from the roof of the American embassy in Saigon (now Ho Chi Minh City).
Those in Vietnam that Washington had backed were utterly defeated, North
Vietnam prevailed, and the war was decisively lost. If the United States
had announced its withdrawal a few years earlier tens of thousands of
lives would have been saved, and the outcome would have been seen as an
example of brave and prudent diplomacy because the leaders at the time
would have admitted the failure of the policy, and taken responsibility
for an abrupt change of course.
But there is one sense in which the Vietnam
story might be helpful. Despite the outcome of the war, and the extraordinary
death and devastation over a period of more than a decade (not counting
the earlier anti-colonial war against the French), Vietnam has recovered,
and is now flourishing.
This was the irony underneath Bush’s
false analogy drawn between Iraq and Vietnam. But what should be also
encouraging is that the United States is today Vietnam’s leading
trading partner, that relations between the two countries are friendly
and positive, and that the political difference between winning and losing
in Vietnam is happily blurred in the mists of historical memory.
Against this background, what is
the best way forward?
As argued, the way forward seems rather decisively
blocked by the American refusal to withdraw combined with a double political
move: encouraging internal compromise within Iraq and convening an ambitious
gathering of regional actors that will connect Iraq with the precarious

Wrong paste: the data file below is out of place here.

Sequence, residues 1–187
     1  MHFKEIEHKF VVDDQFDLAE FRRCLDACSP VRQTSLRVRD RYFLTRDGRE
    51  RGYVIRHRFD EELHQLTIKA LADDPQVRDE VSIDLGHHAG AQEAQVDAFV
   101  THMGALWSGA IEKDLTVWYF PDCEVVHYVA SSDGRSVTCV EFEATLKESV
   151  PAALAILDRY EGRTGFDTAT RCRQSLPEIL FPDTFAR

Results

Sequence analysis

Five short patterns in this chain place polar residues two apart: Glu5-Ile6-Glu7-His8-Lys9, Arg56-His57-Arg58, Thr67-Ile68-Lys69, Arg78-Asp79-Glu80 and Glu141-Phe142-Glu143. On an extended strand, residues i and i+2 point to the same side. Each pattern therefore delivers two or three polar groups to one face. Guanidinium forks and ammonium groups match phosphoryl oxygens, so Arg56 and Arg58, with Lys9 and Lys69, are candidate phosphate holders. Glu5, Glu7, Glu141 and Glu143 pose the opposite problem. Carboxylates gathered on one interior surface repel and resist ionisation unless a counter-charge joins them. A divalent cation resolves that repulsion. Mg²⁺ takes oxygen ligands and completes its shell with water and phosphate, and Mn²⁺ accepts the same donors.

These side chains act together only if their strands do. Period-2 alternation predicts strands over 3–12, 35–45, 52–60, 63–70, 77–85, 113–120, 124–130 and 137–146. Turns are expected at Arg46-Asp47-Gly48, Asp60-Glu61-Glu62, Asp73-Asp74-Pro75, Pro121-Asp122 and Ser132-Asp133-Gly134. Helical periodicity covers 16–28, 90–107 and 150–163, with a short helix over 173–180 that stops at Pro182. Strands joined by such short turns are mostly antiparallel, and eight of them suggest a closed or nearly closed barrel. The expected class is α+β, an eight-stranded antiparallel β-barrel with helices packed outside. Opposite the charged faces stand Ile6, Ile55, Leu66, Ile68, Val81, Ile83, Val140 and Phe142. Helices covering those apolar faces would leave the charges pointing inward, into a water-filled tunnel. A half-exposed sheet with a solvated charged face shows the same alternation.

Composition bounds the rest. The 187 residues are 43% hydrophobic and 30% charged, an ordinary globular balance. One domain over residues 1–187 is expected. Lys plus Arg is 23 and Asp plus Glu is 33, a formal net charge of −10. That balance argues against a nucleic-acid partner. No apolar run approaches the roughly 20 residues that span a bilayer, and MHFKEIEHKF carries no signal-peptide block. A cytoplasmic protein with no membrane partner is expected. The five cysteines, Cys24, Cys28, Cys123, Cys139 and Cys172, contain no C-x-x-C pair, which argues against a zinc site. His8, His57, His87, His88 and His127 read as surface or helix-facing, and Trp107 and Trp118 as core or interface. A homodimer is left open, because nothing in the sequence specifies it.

situation in Lebanon, the ordeal of the Palestinian people, the risks
of confrontation with Iran, a regional nuclear arms race, and the distinct
possibility that sectarian violence in Iraq will spill over the borders,
igniting an ugly struggle between Sunnis and Shi’ia throughout the
This is a formidable agenda, but acknowledging
these policy challenges is the first step toward alleviating the severe
risks that are present and growing. Such a regional initiative would have
to include all the players in the region, including Israel, Turkey, and
Palestinian representation, and the major external actors with regional
interests, including the United States, Europe, Russia, and possibly India
It would be foolish to expect solutions to
flow immediately from such a regional conference, but if the convening
parties could be seen as seriously committed to addressing the legitimate
grievances that beset the region, especially finding a way to bring stability
to Iraq and produce viable statehood for Palestine, the whole atmosphere
in the Middle East might change for the better, and the various escalating
pressures might begin to diminish giving rise to hope for the future.
Of course, this kind of regional conference
contains many risks if it ever did get off the ground, which is unlikely,
but it also offers the only possibility of the comprehensive approach
to the inter-connected problems region that alone offers hope of a better
future. It is should be clear that such a regional approach goes far beyond
the Baker-Hamilton proposal to enlist regional actors to bring stability
Calling for such a regional conclave seems
like a pipedream at present. Yet the region is at a tipping-point, and
requires urgent and drastic diplomatic initiatives to avert catastrophe.
Alternative: the Middle East as a
gigantic war zone
The Middle East is at risk of becoming a
gigantic war zone. The Lebanon War of last summer suggests one dimension
of the worsening security environment. The inflamed relations between
Iran, Israel, and the United States may be the greatest menace of all.
As the civil tensions in Iraq intensify, with mass religious massacres
occurring with alarming frequency, the prospect of repercussions beyond
Iraq are daily growing.
At such a tipping-point the choices are stark:
either allow the lethal drift continue or acknowledge urgency by undertaking
a drastic change of course.
It may not be wise in such circumstance to
wait until Washington is ready, or put differently, waiting for Washington
appears to be waiting for Godot!